Health and Safety continues to be a high priority for the OABA membership. With Fred Spiro announcing his retirement at the end of 2017, OABA has changed the delivery model for safety training to an external service provider based model. ACUTE Safety Training from Waterloo was chosen as the service provider that could deliver cost effective and quality training to the OABA membership. In addition to on-site training at OABA member business locations, ACUTE also has a training facility in Waterloo that provides an effective link between classroom theory and hands-on practical training. In addition to the training component, ACUTE will also be an active contributor to OABA's Health and Safety Committee and Agri Business Safety Network meetings.
OABA has continued its work on the Environmental Compliance Project, and is working with the Ministry of Environment and Climate Change (MOECC) to streamline the process of obtaining environmental approvals. Recently, OABA has made the request to initiate discussions with MOECC staff to move toward the development of technical standards for air emissions. Moving forward, the committee will also be looking at how we can work with MOECC on addressing noise related issues and approvals.
During the past year, OABA financially supported Farm & Food Care in the publication of "The Real Dirt on Farming", a proactive communication tool that targets the public with facts and credible information on modern day agriculture. OABA also supports AgScape, an organization which provides teachers with tools and resources to incorporate agriculture into Ontario's school curriculum. Both programs support agricultural education/ information and effectively link the school classroom and the public domain.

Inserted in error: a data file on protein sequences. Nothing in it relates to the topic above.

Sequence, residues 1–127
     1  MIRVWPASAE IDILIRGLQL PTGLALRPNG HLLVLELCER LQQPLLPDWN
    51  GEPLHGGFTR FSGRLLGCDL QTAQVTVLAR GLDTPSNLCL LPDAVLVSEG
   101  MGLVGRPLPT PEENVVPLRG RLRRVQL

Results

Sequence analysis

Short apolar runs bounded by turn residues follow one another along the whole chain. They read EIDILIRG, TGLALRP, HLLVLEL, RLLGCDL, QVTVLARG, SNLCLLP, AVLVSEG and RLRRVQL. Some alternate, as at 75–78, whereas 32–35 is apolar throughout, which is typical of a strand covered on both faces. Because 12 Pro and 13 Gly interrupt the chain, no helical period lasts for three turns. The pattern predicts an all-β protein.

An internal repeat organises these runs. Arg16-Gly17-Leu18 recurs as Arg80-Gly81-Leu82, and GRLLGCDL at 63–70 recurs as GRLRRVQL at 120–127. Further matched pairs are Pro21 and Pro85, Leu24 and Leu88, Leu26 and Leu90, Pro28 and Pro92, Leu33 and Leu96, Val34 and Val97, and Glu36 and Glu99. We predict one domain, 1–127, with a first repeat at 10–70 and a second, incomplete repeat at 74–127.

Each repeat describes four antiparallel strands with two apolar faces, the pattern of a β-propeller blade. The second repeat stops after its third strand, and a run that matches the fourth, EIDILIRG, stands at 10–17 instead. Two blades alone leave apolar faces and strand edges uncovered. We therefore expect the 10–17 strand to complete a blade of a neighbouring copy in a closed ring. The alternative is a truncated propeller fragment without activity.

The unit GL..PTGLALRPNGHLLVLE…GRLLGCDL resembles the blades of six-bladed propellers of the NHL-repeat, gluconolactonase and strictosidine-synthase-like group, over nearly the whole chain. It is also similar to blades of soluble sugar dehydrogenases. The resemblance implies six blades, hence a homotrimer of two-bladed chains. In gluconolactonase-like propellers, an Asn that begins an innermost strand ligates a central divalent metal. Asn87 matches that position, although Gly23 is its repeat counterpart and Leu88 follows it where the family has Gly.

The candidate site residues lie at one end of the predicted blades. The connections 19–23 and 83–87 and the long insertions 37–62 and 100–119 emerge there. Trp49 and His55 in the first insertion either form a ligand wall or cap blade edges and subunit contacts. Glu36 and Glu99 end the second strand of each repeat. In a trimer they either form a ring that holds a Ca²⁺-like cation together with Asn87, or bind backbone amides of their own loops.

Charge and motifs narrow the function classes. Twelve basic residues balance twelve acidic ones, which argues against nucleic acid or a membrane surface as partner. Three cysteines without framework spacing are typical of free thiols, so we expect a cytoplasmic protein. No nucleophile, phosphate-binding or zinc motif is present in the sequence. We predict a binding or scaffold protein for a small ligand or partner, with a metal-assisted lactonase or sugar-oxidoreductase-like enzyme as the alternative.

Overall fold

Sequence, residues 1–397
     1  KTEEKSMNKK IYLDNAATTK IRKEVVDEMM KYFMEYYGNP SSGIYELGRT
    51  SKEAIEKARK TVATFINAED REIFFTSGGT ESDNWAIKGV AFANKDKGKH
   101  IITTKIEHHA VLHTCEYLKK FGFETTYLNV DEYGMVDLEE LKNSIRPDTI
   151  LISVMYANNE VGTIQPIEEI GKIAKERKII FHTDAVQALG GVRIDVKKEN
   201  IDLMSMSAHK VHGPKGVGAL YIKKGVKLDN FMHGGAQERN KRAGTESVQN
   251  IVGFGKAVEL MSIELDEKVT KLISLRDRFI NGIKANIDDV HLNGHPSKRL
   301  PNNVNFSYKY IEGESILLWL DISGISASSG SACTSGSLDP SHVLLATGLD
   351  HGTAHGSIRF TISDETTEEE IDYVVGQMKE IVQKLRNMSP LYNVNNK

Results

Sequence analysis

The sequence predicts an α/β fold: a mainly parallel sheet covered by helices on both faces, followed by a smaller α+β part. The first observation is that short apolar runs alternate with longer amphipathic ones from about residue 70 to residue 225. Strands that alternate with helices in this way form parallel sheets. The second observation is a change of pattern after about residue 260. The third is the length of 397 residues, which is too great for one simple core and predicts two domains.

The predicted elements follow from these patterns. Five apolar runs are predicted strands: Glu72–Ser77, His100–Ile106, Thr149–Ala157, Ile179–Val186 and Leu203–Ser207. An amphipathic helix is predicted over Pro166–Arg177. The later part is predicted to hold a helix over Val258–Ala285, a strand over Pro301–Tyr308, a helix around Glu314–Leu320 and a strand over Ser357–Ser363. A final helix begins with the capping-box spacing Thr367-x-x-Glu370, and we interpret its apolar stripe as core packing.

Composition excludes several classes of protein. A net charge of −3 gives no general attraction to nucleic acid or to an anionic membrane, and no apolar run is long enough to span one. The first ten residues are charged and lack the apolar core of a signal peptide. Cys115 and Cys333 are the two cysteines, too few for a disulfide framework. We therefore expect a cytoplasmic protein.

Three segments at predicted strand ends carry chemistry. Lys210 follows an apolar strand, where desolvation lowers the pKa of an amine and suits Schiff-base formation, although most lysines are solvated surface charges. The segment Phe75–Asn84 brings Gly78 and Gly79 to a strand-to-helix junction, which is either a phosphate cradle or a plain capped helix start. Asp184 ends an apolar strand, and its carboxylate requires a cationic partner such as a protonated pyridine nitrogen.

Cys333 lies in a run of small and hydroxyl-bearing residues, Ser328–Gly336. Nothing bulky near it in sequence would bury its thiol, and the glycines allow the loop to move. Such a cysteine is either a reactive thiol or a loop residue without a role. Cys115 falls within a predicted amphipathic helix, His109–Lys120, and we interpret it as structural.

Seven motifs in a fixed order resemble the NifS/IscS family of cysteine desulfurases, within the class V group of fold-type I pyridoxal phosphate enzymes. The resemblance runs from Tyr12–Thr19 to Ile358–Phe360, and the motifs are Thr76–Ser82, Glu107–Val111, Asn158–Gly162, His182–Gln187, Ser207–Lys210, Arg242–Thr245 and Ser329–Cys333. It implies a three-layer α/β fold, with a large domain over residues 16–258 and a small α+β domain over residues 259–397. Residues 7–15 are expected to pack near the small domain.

Human Resources are also a key element for OABA members. The implementation of Bill 148, Ontario's newest set of labour laws, has significantly changed the way HR handles employee wages, and a number of issues related to labour standards and labour relations. The upcoming legalization of recreational cannabis will add to a changing environment for business that will require attention. As employers, we need to be abreast of how cannabis legalization will impact all operational aspects of our workplaces. During this time of unprecedented change in HR, OABA maintains a licensing agreement with TwoGreySuits™, a service that provides access to professional human resources services on a 24/7 basis at no additional cost to OABA members.
OABA is a strong leadership organization that effectively represents and advances the interests of our membership to other industry stakeholders including government, producer groups and consumers. OABA is extremely fortunate to have passionate volunteers and staff that support this commitment to the crop input, grain and feed sectors. It is through the effective combination of volunteer expertise on the Board of Directors and the Crop Inputs, Feed, and Grain Section Committees, along with our knowledgeable and committed staff of Joanne, Tracey, Ron and Dave, that this is possible.
In closing, I would like to thank the Board of Directors and the membership for the honour and opportunity to serve as President of the Ontario Agri Business Association, and wish all members continued success throughout 2018.